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elective. And if the individuals who compose that state could always continue true to first principles, uninfluenced by passion or prejudice, unassailed by corruption, and unawed by violence, elective succession would be most desirable. The best, the wisest, and bravest man would receive the crown, which his endowments merited.
Evils of an Elective System. History and observation inform us, that elections of every kind are frequently brought about by influence, partiality and artifice, or at least such charge is proclaimed by a disappointed minority. All societies are liable to this evil, both those of a private and domestic kind, as also the great community of the public. Time suppresses false suspicions in the former, and appeals to tribunals, remedy them by legal means, if they be true, but in the great society of the nation, there is no superior to resort to, but the law of nature, no mode of redress, but the actual exertion of force. The quarrel between two nations, complaining of mutual injustice, is only decided by an appeal to arms, as is the case in an internecine strife, where the violation of principles leads to civil war.
2. Mode of Inheriting. Descent. This generally corresponds with the feudal line of descent, marked out by the common law, in the succession to landed estates, with a few material exceptions. Like estates, the crown will descend lineally to the issue of the reigning monarch, and as in common descents, the preference of males to females, and the right of primogeniture among the males are strictly adhered to. Like lands, the crown, on failure of the male line, descends to the issue female. But among the females, the crown descends, by right of primogeniture, to the eldest daughter only, and her issue, and not, as in common inheritances, to all the daughters at once.
By Representation. Again, the doctrine of representation prevails in the descent of the crown, as it does in other inheritances, whereby the lineal descendants of any person deceased, stand in the same place, as their ancestor, if living, would have done. Thus, Richard II succeeded his grandfather, Edward III, in right of his father, the Black Prince, to the exclusion of all his uncles, his grandfather's younger children. Lastly, on failure of lineal descendants, the crown goes to the next collateral relations of the late king, provided they are lineally descended from the blood royal, that is, from royal stock, which originally acquired the crown.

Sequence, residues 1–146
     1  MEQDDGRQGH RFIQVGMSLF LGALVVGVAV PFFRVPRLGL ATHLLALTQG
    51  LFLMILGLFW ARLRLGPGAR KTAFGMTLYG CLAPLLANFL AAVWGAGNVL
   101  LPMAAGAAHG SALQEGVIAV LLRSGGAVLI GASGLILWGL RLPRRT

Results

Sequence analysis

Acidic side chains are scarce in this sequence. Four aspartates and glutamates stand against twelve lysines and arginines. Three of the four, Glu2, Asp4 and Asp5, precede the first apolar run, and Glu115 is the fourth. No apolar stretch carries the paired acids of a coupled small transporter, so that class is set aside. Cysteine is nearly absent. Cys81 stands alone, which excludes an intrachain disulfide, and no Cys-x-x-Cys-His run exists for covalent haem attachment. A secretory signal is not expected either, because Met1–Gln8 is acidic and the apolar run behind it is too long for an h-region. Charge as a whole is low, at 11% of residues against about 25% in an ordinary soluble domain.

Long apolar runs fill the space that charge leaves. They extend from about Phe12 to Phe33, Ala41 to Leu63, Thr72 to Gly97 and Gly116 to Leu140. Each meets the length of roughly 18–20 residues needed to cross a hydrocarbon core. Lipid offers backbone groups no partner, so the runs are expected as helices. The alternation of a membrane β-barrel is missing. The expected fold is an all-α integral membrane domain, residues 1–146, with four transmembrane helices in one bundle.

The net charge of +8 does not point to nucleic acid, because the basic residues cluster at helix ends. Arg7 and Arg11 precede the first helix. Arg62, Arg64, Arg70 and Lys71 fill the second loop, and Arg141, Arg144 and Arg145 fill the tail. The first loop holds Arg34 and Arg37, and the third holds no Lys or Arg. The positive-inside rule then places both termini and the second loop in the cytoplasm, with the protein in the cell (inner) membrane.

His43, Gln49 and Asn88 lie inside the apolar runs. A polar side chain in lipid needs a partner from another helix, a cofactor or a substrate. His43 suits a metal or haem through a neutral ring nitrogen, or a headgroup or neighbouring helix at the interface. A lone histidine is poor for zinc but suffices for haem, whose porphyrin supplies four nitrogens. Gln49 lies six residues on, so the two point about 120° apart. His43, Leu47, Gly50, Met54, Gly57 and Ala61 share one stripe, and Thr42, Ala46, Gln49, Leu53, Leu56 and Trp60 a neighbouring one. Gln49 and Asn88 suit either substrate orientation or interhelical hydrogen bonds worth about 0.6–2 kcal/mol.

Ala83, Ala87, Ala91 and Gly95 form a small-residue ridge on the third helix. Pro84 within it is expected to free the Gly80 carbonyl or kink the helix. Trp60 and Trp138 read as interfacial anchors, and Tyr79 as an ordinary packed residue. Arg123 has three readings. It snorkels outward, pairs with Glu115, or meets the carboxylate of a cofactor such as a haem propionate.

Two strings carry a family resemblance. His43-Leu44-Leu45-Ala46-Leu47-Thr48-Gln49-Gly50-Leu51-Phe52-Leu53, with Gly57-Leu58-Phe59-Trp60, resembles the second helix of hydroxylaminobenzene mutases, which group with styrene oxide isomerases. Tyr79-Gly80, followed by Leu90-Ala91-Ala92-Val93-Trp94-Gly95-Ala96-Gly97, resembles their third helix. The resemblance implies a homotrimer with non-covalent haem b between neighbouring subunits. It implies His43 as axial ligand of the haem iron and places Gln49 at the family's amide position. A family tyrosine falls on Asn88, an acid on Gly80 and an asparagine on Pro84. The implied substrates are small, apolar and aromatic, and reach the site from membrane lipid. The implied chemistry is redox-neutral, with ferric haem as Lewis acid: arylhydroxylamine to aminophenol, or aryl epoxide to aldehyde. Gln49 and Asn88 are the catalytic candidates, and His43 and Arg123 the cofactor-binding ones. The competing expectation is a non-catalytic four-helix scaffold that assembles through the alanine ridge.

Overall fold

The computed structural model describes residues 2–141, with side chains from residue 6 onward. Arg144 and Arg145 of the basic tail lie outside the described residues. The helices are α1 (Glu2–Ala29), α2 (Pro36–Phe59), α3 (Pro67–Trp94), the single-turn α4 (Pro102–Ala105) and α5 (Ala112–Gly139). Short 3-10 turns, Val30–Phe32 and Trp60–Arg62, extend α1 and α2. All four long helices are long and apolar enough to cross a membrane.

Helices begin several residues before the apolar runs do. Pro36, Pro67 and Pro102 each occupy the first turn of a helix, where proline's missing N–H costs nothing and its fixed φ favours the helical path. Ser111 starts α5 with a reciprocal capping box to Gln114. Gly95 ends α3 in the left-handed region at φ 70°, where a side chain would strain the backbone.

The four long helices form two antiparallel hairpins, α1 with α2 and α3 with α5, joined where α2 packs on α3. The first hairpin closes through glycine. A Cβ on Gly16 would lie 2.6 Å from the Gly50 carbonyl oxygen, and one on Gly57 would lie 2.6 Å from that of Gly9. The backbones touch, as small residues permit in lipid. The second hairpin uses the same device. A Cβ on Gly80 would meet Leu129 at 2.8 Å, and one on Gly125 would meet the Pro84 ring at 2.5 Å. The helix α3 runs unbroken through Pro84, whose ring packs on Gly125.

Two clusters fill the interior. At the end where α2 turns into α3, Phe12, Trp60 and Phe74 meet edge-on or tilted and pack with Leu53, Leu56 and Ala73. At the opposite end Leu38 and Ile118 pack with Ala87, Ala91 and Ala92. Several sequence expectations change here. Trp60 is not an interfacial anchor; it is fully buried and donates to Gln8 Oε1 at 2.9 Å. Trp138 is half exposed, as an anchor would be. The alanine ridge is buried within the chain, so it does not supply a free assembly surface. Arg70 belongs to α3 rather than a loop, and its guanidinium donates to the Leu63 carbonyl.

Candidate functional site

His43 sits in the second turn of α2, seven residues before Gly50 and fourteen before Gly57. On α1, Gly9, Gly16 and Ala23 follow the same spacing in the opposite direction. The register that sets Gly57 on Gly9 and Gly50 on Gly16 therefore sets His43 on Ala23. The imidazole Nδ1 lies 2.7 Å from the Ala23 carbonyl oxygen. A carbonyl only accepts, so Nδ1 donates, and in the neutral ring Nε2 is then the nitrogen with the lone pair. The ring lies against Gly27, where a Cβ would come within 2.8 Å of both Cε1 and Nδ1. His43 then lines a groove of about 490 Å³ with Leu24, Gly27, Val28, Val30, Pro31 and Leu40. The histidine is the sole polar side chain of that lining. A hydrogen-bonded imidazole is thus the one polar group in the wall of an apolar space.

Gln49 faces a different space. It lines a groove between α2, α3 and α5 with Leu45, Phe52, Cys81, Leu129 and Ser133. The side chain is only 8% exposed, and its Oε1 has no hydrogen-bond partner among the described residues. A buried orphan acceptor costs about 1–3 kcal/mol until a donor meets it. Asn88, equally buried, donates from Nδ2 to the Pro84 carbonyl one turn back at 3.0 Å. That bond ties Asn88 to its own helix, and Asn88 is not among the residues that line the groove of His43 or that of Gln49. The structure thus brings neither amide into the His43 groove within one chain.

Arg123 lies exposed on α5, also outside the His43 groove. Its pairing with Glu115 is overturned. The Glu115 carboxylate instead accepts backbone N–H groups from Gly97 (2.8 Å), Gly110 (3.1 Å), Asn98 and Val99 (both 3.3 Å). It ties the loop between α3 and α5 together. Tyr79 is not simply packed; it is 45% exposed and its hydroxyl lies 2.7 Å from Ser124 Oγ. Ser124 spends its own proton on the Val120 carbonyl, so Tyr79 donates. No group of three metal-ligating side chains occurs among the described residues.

Half Blood. But there is no objection, as in the case of common descents, to the succession of one of the half blood, that is, where the relationship proceeds not from the same couple of ancestors, which constitutes a kinsman of the whole blood, but from a single ancestor only; as when two persons are derived from the same father, but not from the same mother, and vice versa, provided only, that the one ancestor, from whom both are descended, be one, from whose veins the blood royal is communicated to each. Thus Mary inherited from her half brother, Edward VI., and Elizabeth inherited from Mary, all children of the same father, Henry VIII., but all by different mothers.
3. Not an Indefeasible Right. The doctrine of hereditary right by no means implies an indefeasible right to the throne. The king, and the houses of parliament, may defeat this hereditary right, and by entails, limitations and provisions, exclude the immediate heir, and vest the inheritance in another. Hence the word "successors" is used, in addition to the word "heirs," in our statutes: "the king's majesty, his heirs and successors." If the heir apparant were an idiot, or a lunatic, or otherwise incapable of reigning, parliament could set him aside for another.